Guy’s news: Praying for thunder

Diving into the last swimmable reservoir is getting perilous. Carp are digging into the mud in those already empty. Two thirds of our irrigation water is gone, leaving only enough to water our vulnerable crops for another two weeks; had we not invested in sealing a leaking reservoir last year, we would already be dry. Now, with high pressure anchored over the Atlantic, only thunder can help us.

reservoir

Diving into the last swimmable reservoir is getting perilous. Carp are digging into the mud in those already empty. Two thirds of our irrigation water is gone, leaving only enough to water our vulnerable crops for another two weeks; had we not invested in sealing a leaking reservoir last year, we would already be dry. Now, with high pressure anchored over the Atlantic, only thunder can help us.

Our agronomist’s report makes grim reading: carrots, cabbages, lettuce, chard, potatoes, leeks… all are delayed or reduced in yield, with quality problems anticipated for what remains. The reasons are always ‘delayed planting due to the wet spring’ followed by ‘lack of water’. To give some sort of return to our co-op farmers and keep the boxes full, it is likely that we will need to be more flexible on specifications where eating quality is not significantly impaired. It is often better to harvest a struggling lettuce, cabbage or head of broccoli at a lower weight, than to leave it another week to limp on, gaining a few grams but becoming yellow, tough and bitter with dehydration.

We have had some nervous summers before – but the crunch has never come so early. We still have the right to draw water from a tributary of the River Dart under an abstraction license my father took out in the 1960s, but it would leave the stream bed virtually dry, and still not be enough to satisfy the thirst. Slate, our underlying rock, is relatively impervious, so boreholes do not work unless you are very lucky. The only commercially viable option (and the most environmentally favourable) is to build clay-lined winter fill reservoirs wherever there is a valley bottom wide enough. To invest in an asset that is used so unpredictably (on average every 30 years) is a bold move, but perhaps climate change is shifting the odds – and at least we will have somewhere to swim.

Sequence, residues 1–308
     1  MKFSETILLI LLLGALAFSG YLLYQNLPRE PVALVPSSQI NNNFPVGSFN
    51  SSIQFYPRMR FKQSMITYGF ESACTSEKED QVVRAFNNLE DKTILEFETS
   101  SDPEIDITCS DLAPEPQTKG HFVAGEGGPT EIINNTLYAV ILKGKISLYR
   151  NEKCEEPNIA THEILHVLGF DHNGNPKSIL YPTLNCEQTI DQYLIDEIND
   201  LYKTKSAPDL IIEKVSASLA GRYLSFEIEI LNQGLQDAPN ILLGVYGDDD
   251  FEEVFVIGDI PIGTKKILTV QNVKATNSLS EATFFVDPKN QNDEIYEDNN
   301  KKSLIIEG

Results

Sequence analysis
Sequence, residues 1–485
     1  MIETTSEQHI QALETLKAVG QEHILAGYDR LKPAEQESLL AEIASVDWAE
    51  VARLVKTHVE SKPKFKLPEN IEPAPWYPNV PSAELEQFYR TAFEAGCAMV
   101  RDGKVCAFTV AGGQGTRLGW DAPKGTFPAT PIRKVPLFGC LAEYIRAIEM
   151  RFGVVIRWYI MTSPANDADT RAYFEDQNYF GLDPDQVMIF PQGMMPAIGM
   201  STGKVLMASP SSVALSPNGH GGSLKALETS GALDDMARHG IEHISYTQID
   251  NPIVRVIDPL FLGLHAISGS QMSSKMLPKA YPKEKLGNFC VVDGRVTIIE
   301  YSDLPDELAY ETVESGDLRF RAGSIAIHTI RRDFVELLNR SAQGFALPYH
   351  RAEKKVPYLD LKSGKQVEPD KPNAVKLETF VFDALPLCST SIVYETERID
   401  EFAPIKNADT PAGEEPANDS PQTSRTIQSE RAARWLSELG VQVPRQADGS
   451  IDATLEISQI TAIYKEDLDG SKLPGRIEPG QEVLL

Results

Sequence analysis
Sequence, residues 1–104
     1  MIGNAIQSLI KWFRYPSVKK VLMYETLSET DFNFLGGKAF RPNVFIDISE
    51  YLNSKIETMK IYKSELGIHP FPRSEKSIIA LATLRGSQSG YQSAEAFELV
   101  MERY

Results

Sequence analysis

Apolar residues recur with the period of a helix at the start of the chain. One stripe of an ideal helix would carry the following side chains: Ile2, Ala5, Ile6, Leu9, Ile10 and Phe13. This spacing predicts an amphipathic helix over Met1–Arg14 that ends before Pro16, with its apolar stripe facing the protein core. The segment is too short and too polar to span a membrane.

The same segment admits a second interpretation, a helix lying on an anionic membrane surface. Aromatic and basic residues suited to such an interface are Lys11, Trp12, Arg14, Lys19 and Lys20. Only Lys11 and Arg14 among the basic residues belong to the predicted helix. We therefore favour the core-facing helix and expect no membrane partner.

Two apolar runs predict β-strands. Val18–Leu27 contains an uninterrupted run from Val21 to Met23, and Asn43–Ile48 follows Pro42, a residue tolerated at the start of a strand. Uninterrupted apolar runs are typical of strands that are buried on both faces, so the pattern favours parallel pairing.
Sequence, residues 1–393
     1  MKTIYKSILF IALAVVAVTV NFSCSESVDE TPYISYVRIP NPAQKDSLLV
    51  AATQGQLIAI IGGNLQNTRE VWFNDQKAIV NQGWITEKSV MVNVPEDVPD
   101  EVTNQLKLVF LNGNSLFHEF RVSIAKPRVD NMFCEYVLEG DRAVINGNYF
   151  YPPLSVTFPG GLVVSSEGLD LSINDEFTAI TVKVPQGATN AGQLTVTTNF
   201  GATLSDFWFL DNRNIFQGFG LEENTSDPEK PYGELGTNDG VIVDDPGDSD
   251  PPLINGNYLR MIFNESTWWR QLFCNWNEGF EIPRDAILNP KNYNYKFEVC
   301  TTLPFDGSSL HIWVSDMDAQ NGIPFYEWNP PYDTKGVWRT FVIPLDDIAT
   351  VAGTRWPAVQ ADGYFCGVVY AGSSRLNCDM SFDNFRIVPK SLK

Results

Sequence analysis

It isn’t all doom. The heat and sun-loving tomatoes are early and looking great. Cucumbers are massively ahead of schedule with heavy yields, and sweetcorn and pumpkins are also looking good. We have had a few thundery showers this week, amounting to a very welcome inch of water; enough to germinate the swedes and allow recently planted leeks, cabbages and caulis to get their roots down into the moisture reserves below. Now we’re just praying for more.

Guy Singh-Watson

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